CLEVELAND, Miss. – He is the man coaches around the country turn to when they are looking to improve their programs. For the last 33 years, UAFS’s Jim Boone has built one of the nation’s most successful careers by creating a culture of success within his basketball teams. His career record of 558 wins speaks to his success on the hardwood, but his real niche has been at the NCAA Division II level, where he has posted a blistering 466-251 mark as a head coach. Boone has taken four different NCAA Division II institutions to the NCAA Tournament, an unprecedented achievement.
For years, the Winfield, W.V., native has shared his knowledge of the game at Nike’s Championship Basketball Clinics across the country. In June of this year, Boone presented his brand of “Grit and Grind” basketball alongside the likes of legendary coaches and Hall of Famers such as Bob Knight, Bo Ryan, Roy Williams, Geno Auriemma, Bob Huggins, and Bob Hurley.
“As a young coach, I was fortunate to have the opportunity to learn from legendary coaches like Don Meyer, Rick Majerus and Bob Knight,” Boone said. “I consider it an honor and a privilege to have the opportunity to share our philosophy and ideals to the next generation of coaches like many did for me.”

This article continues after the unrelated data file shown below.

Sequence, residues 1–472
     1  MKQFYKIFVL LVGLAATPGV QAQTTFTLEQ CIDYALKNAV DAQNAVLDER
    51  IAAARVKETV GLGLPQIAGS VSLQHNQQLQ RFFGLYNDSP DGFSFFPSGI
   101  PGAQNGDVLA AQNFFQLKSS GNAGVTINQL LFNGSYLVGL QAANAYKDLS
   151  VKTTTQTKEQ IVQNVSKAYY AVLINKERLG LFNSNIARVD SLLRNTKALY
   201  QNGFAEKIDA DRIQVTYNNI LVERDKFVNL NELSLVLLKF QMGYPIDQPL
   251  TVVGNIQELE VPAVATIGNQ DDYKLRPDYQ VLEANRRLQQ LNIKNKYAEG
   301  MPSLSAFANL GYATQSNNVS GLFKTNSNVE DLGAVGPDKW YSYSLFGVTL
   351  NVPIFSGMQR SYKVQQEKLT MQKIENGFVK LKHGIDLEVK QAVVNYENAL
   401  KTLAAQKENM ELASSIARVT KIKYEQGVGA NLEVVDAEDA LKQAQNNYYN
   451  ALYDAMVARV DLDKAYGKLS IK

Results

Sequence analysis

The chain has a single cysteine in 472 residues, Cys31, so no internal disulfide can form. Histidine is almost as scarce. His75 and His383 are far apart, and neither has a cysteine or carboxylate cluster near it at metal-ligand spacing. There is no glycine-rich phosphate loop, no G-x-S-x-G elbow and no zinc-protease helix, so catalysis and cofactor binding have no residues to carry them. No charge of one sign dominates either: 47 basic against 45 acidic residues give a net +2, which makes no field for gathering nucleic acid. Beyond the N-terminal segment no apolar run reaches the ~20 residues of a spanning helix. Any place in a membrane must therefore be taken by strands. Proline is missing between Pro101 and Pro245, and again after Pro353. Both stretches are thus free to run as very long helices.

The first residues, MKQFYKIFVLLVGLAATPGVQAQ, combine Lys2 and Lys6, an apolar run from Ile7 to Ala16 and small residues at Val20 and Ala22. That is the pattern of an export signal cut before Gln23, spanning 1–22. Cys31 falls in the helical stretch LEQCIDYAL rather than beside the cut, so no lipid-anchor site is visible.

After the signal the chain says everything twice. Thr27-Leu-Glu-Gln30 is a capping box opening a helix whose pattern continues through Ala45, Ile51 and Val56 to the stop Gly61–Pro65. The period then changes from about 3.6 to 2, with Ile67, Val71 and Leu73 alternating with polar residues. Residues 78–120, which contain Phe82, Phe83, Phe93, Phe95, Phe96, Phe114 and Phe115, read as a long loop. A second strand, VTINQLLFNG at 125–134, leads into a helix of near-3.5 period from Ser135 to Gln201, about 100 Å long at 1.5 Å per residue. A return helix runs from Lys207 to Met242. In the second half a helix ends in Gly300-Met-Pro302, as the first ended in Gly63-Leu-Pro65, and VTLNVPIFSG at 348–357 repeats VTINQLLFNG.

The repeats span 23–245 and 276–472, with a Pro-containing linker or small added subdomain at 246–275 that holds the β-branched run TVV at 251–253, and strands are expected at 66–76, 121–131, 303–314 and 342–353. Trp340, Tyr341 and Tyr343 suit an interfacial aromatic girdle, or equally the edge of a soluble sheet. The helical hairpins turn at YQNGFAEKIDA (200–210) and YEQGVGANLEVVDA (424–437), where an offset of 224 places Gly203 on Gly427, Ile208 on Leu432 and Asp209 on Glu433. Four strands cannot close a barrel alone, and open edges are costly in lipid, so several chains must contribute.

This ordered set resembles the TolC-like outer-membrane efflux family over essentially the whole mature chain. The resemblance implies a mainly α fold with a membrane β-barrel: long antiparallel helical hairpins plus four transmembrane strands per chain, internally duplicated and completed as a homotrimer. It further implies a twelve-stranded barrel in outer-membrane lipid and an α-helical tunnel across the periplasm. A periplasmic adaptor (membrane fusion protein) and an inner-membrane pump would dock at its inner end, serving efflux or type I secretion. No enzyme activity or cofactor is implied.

June 1, Boone will present at Nike’s Myrtle Beach Clinic along with Bo Ryan (Wisconsin – Retired), Leonard Hamilton (Florida State), Mike White (Florida) and Steve Forbes (ETSU). The three-day event will be held at the Myrtle Beach Convention Center.
Coach Boone and his staff will host their annual FREE FALL COACHES CLINIC, October 4th and 5th on the campus of The University of Arkansas – Forts Smith’s Stubblefield Center. The two-day event annually draws hundreds of coaches from all levels and from all across the US and internationally.
“The game of basketball is meant to be shared and getting to do so with some of the brightest minds in the game each year is a special honor,” Boone added.